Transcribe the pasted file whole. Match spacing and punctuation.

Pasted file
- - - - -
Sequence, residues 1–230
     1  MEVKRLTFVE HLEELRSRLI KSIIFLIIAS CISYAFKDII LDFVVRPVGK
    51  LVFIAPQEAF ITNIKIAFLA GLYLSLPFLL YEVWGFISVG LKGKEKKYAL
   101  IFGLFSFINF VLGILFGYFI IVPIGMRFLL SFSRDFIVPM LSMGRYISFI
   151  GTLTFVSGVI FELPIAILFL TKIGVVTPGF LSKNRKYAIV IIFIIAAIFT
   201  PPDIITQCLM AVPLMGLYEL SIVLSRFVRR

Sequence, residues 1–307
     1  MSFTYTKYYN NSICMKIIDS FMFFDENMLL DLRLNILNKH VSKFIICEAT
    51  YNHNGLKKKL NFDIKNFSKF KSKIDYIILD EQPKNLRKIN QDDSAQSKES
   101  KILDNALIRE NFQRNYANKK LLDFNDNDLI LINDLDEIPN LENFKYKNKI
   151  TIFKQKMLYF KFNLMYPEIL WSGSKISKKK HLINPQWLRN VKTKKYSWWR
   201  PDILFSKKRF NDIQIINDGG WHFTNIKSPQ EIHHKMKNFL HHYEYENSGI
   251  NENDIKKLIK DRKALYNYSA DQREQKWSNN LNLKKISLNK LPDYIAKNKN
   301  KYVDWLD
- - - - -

Sequence, residues 1–230
     1  MEVKRLTFVE HLEELRSRLI KSIIFLIIAS CISYAFKDII LDFVVRPVGK
    51  LVFIAPQEAF ITNIKIAFLA GLYLSLPFLL YEVWGFISVG LKGKEKKYAL
   101  IFGLFSFINF VLGILFGYFI IVPIGMRFLL SFSRDFIVPM LSMGRYISFI
   151  GTLTFVSGVI FELPIAILFL TKIGVVTPGF LSKNRKYAIV IIFIIAAIFT
   201  PPDIITQCLM AVPLMGLYEL SIVLSRFVRR

Sequence, residues 1–307
     1  MSFTYTKYYN NSICMKIIDS FMFFDENMLL DLRLNILNKH VSKFIICEAT
    51  YNHNGLKKKL NFDIKNFSKF KSKIDYIILD EQPKNLRKIN QDDSAQSKES
   101  KILDNALIRE NFQRNYANKK LLDFNDNDLI LINDLDEIPN LENFKYKNKI
   151  TIFKQKMLYF KFNLMYPEIL WSGSKISKKK HLINPQWLRN VKTKKYSWWR
   201  PDILFSKKRF NDIQIINDGG WHFTNIKSPQ EIHHKMKNFL HHYEYENSGI
   251  NENDIKKLIK DRKALYNYSA DQREQKWSNN LNLKKISLNK LPDYIAKNKN
   301  KYVDWLD